Can DOM methods be native Function objects?

Cameron McCormack cam at
Sun Oct 10 22:44:05 PDT 2010

Mark S. Miller:
> The ES5 spec defines a set of internal nominal types-as-contracts,
> identified by their [[Class]] binding. Whether built-in or not, an object
> claiming one of these [[Class]]es must obey the corresponding contract. For
> the specific specified contracts, these objects are "native" objects. The
> spec allows an implementation to provide "host" objects that don't claim to
> satisfy one of these more specific contracts by having a different
> [[Class]]. Such objects may still happen to satisfy one of these more
> specific contracts, but they do not claim to. All objects, host or native,
> must still satisfy the general contract that applies to all ES objects.

What is not clear to me is exactly what the contract is, and this is
where my confusion lies.  The spec says native objects are those “object
in an ECMAScript implementation whose semantics are fully defined by
this specification rather than by the host environment”.  But what does
“semantics” mean here?  13.2.1 seems to give a [[Call]] method
definition for all Function objects, so I interepreted that as being
part of the contract for native functions.  If not, then does
“semantics” just mean that it has a [[Call]] method at all?

Compare this with objects that have a [[HasInstance]] method that
doesn’t do the same thing as that specified in (as Web IDL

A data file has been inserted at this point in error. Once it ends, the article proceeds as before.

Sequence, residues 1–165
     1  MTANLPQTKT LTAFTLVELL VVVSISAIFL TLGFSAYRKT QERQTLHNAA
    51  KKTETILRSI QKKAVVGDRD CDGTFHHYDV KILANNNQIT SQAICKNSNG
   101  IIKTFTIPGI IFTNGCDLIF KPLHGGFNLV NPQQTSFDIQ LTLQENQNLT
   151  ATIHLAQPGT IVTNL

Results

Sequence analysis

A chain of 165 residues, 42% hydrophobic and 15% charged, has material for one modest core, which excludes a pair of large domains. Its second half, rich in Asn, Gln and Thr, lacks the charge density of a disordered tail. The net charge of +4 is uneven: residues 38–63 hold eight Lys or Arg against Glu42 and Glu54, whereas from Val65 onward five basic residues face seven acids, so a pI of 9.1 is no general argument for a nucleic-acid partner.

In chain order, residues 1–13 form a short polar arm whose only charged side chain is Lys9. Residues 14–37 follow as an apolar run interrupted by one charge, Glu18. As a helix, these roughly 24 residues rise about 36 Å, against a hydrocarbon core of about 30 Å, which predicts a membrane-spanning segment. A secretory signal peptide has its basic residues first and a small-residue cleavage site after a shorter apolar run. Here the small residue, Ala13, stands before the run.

currently requires of its so-called “interface objects”, like
[global object].HTMLElement).  Would this result in such an object being
a host object?

> As for whether DOM methods that could, within their specification, claim to
> be native Functions, ES doesn't say whether they should or should not claim
> to be functions. It only says that if they do claim to be functions they
> must actually be functions.

I see that the definition of “function” in 4.3.24 says

  A function’s code may or may not be written in ECMAScript.

Now that’s definitely not compatible with the [[Call]] defined in
13.2.1, since if the code is not written in ECMAScript it likely doesn’t
match FunctionBody, which [[Call]] requires the object’s [[Code]] to.

> Language lawyering aside, my own sense is that all methods that could be
> functions should be functions. We should only specify that an object is
> non-native when we need to.

I hope so.



Cameron McCormack ≝

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